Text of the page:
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Letter to the Chairman, House Committee on Ways and Means, Urging Prompt Action on Pending Tax Proposals.

January 19, 1966

Dear Mr. Chairman:

In my State of the Union Message, I recommended a number of tax changes to help pay for the increased costs associated with the war in Vietnam. I deeply appreciate your swift action in beginning hearings on those measures just one week later.

When I began preparing my budget several weeks ago, Departments and Agencies of this Government initially requested more than $130 billion for fiscal year 1967. I established three principles in my review of those requests:

--Hold all expenditures to a minimum consistent with our defense commitments and other essential programs.

--Eliminate all unnecessary and obsolete activities.

--Conduct essential activities at the lowest possible cost.

As a result, apart from the special cost of Vietnam, I reduced budget expenditures to a level only $600 million above fiscal year 1966.

My proposed expenditures for fiscal year 1967 are $112.8 billion. More than half-$58.3 billion--will be for defense purposes.

Our present estimates for Vietnam will add $10.5 billion to the amount originally estimated for this purpose last January-- $4.7 billion to fiscal year 1966 and $5.8 billion to fiscal year 1967.

These expenditures come at a time of unparalleled prosperity.

We have virtually reached our long sought initial goal of 4 percent unemployment. And unemployment will be reduced below 4 percent during the coming year.

In the past five years, consumer income after taxes is up $129 billion; corporate profits have risen an unprecedented 67 percent.

Your Administration's fiscal policy has been the main stimulus for this 59 months of unparalleled prosperity. A further stimulus to keep the economy on its rising path is no longer necessary. The basic economic policy that justified tax cuts in recent years must be set aside until the uncertain but increasingly high demands of hostilities in Vietnam are no longer with us.

The monies that will flow into the Federal Treasury under present tax laws will not be sufficient to maintain the right fiscal balance during the coming year. Without any changes in the tax laws, budget receipts will rise sharply in response to the sustained economic expansion. But they still would be too low to maintain our economic growth and prosperity without running the risk of inflation.

Under these circumstances, I was faced with three choices:

--A deficit in excess of $6.5 billion, which would require the Government to borrow the additional money.

--An increase in corporate and personal income tax rates, or other new taxes.

--Temporary restoration of certain excise taxes, and adoption of graduated withholding of individual income taxes and current payment of corporate income taxes--to put the American people on a pay-as-you-go basis without increasing the total tax bill due.

Over the past several weeks I discussed these alternatives and countless variations of them with my advisers. I made two decisions.

First, we could raise revenue or borrow it. I chose to raise the money.

Second, I chose to raise that money without any increases in personal and corporate income tax liabilities, but through changes that affect only the timing of tax payments and the temporary restoration of certain excise taxes on telephones and automobiles.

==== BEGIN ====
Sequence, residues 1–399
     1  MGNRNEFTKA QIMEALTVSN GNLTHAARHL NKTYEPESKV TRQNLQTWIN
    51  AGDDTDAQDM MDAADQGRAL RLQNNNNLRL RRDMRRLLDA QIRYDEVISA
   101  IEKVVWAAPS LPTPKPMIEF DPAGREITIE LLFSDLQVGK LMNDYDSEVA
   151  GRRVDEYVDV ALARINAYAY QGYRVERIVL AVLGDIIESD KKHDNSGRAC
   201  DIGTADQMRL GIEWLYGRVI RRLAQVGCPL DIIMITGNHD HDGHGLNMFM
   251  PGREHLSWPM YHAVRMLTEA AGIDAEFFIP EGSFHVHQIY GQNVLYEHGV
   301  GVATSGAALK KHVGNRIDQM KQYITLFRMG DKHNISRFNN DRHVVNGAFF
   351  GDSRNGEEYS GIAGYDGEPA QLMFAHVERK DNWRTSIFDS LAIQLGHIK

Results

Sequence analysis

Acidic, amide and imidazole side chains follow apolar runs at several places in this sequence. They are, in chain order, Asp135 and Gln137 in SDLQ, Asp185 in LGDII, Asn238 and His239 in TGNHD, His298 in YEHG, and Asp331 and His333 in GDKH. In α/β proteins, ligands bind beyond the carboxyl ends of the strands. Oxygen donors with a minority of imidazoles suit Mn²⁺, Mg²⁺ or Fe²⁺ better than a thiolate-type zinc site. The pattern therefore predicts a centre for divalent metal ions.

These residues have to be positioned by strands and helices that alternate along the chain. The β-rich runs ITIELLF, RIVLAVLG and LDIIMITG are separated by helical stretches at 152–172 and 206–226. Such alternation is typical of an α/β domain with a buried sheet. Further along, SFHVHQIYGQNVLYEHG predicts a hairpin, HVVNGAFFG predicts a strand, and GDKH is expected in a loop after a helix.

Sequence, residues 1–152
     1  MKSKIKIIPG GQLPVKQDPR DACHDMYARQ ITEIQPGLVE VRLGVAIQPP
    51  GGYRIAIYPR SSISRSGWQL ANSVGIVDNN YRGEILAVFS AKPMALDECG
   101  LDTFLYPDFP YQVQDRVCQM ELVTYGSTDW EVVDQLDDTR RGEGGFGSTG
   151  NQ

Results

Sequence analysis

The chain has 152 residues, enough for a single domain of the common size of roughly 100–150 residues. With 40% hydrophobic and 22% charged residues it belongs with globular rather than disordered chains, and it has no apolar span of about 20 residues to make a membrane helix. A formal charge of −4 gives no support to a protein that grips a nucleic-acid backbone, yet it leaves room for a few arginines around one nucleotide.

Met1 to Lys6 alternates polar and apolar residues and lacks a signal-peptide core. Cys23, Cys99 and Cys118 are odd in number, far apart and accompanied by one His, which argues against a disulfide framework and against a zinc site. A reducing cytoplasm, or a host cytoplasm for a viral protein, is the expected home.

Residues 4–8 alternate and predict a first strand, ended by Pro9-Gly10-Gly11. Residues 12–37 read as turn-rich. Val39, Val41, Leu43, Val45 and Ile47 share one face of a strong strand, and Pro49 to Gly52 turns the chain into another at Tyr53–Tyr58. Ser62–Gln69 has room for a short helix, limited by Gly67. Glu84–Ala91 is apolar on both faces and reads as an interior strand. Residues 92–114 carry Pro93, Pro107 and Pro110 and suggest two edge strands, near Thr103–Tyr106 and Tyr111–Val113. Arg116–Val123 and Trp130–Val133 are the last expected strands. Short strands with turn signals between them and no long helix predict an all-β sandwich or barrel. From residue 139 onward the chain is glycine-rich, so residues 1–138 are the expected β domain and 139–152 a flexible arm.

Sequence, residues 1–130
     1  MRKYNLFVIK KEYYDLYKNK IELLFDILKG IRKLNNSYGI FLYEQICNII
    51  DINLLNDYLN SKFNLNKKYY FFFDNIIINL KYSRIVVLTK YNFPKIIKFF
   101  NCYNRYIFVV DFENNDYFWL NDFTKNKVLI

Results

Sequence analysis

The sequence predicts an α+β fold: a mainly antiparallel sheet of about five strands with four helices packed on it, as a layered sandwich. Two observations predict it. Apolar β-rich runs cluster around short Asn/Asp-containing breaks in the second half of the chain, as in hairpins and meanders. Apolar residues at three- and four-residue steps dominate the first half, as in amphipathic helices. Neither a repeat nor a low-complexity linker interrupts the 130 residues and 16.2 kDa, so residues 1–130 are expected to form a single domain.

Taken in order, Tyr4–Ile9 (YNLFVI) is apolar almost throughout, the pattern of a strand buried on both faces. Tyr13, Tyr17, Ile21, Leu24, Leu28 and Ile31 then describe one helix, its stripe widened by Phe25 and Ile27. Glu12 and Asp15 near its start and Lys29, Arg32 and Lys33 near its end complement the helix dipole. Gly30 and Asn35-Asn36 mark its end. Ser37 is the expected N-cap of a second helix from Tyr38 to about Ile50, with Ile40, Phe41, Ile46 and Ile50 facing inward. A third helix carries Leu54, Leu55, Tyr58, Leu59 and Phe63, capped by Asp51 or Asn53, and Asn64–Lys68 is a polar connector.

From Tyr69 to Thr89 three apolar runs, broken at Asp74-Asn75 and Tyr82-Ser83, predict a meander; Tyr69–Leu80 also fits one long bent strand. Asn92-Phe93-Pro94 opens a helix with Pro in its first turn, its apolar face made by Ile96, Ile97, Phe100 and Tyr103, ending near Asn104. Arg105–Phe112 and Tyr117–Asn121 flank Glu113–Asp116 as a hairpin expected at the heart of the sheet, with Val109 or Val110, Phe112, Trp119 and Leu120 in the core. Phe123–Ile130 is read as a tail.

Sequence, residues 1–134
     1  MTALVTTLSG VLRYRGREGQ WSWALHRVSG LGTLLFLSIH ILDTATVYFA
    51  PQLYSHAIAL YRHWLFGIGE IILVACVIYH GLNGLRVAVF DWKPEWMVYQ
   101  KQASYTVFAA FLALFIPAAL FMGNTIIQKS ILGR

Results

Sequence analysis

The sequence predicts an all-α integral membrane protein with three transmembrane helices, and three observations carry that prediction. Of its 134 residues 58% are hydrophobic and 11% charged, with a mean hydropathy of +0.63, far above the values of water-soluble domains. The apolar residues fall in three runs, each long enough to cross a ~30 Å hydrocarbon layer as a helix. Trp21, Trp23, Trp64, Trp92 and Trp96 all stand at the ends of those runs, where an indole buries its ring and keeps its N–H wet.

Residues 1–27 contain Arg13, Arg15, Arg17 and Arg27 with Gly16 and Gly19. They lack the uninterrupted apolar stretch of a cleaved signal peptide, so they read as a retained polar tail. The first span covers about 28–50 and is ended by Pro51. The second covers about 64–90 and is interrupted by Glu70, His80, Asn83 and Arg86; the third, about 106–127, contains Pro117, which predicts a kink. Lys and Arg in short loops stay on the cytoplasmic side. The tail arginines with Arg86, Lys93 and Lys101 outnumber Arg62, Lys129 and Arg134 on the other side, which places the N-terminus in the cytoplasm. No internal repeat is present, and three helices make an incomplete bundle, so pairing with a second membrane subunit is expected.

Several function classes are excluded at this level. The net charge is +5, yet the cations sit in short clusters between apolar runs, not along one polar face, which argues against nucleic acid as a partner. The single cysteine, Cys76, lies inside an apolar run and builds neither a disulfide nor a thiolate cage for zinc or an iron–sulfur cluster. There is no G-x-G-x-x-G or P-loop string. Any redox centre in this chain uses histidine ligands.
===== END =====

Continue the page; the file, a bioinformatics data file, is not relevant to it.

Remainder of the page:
I realize that two of these measures--the graduated withholding proposal and accelerated corporate income tax payments--are measures that will provide increased revenues for the Government on a one-time basis only. But this is precisely why I recommended them.

I believe these measures are preferable to increasing personal or corporate income tax rates or other tax measures, which are not clearly required at this time. For my advisers and I cannot predict how long the Vietnam conflict will last and what the financial needs of your Government will be for Vietnam beyond the next year.

If our needs in Vietnam require additional revenues, I will not hesitate to request them. On the other hand, if our efforts for a peaceful resolution of the Vietnam situation are successful--and those efforts will continue day and night--then your Government's need for revenues will be sharply reduced, thus permitting downward tax revisions as we had following Korea.

These tax changes will:

--Balance the cash budget.

--Reduce the deficit in the Administrative budget to the lowest level in seven years.

--Help to maintain economic growth without the risks of inflation.

I believe that the changes are moderate, equitable, responsible and essential. I hope that your Committee and the Congress will act promptly, if at all possible, so they can reach my desk for signature before March 15 in order that all our taxpayers will have adequate notice and we can thus secure full compliance.



[Honorable Wilbur D. Mills, Chairman, Committee on Ways and Means, House of Representatives, Washington, D.C.]

Note: Legislation to carry out the President's tax proposals was enacted by the Tax Adjustment Act of 1966, approved March 15, 1966 (see Item 132),

Lyndon B. Johnson, Letter to the Chairman, House Committee on Ways and Means, Urging Prompt Action on Pending Tax Proposals. Online by Gerhard Peters and John T. Woolley, The American Presidency Project

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